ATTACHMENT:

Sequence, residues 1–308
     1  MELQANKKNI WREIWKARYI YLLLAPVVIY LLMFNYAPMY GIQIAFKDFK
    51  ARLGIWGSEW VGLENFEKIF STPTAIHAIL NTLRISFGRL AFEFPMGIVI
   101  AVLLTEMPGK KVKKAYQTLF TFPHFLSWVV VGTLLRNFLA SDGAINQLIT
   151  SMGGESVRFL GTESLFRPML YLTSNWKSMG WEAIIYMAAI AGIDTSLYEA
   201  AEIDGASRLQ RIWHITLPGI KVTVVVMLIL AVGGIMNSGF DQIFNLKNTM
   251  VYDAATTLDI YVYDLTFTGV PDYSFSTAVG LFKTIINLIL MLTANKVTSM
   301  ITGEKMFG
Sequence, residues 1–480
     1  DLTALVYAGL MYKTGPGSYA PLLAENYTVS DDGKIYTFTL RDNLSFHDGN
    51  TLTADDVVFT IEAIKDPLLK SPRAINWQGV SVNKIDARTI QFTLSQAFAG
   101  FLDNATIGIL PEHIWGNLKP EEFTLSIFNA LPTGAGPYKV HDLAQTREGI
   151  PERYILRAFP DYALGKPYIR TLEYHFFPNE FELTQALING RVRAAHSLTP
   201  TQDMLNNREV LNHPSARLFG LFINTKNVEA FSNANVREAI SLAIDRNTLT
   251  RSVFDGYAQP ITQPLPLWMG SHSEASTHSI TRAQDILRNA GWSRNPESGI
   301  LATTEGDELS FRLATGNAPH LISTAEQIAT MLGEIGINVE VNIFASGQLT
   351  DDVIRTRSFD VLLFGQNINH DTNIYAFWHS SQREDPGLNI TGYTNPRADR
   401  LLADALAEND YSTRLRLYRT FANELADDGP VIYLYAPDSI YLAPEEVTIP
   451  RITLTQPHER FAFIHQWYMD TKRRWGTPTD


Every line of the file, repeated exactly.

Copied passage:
Sequence, residues 1–308
     1  MELQANKKNI WREIWKARYI YLLLAPVVIY LLMFNYAPMY GIQIAFKDFK
    51  ARLGIWGSEW VGLENFEKIF STPTAIHAIL NTLRISFGRL AFEFPMGIVI
   101  AVLLTEMPGK KVKKAYQTLF TFPHFLSWVV VGTLLRNFLA SDGAINQLIT
   151  SMGGESVRFL GTESLFRPML YLTSNWKSMG WEAIIYMAAI AGIDTSLYEA
   201  AEIDGASRLQ RIWHITLPGI KVTVVVMLIL AVGGIMNSGF DQIFNLKNTM
   251  VYDAATTLDI YVYDLTFTGV PDYSFSTAVG LFKTIINLIL MLTANKVTSM
   301  ITGEKMFG
Sequence, residues 1–480
     1  DLTALVYAGL MYKTGPGSYA PLLAENYTVS DDGKIYTFTL RDNLSFHDGN
    51  TLTADDVVFT IEAIKDPLLK SPRAINWQGV SVNKIDARTI QFTLSQAFAG
   101  FLDNATIGIL PEHIWGNLKP EEFTLSIFNA LPTGAGPYKV HDLAQTREGI
   151  PERYILRAFP DYALGKPYIR TLEYHFFPNE FELTQALING RVRAAHSLTP
   201  TQDMLNNREV LNHPSARLFG LFINTKNVEA FSNANVREAI SLAIDRNTLT
   251  RSVFDGYAQP ITQPLPLWMG SHSEASTHSI TRAQDILRNA GWSRNPESGI
   301  LATTEGDELS FRLATGNAPH LISTAEQIAT MLGEIGINVE VNIFASGQLT
   351  DDVIRTRSFD VLLFGQNINH DTNIYAFWHS SQREDPGLNI TGYTNPRADR
   401  LLADALAEND YSTRLRLYRT FANELADDGP VIYLYAPDSI YLAPEEVTIP
   451  RITLTQPHER FAFIHQWYMD TKRRWGTPTD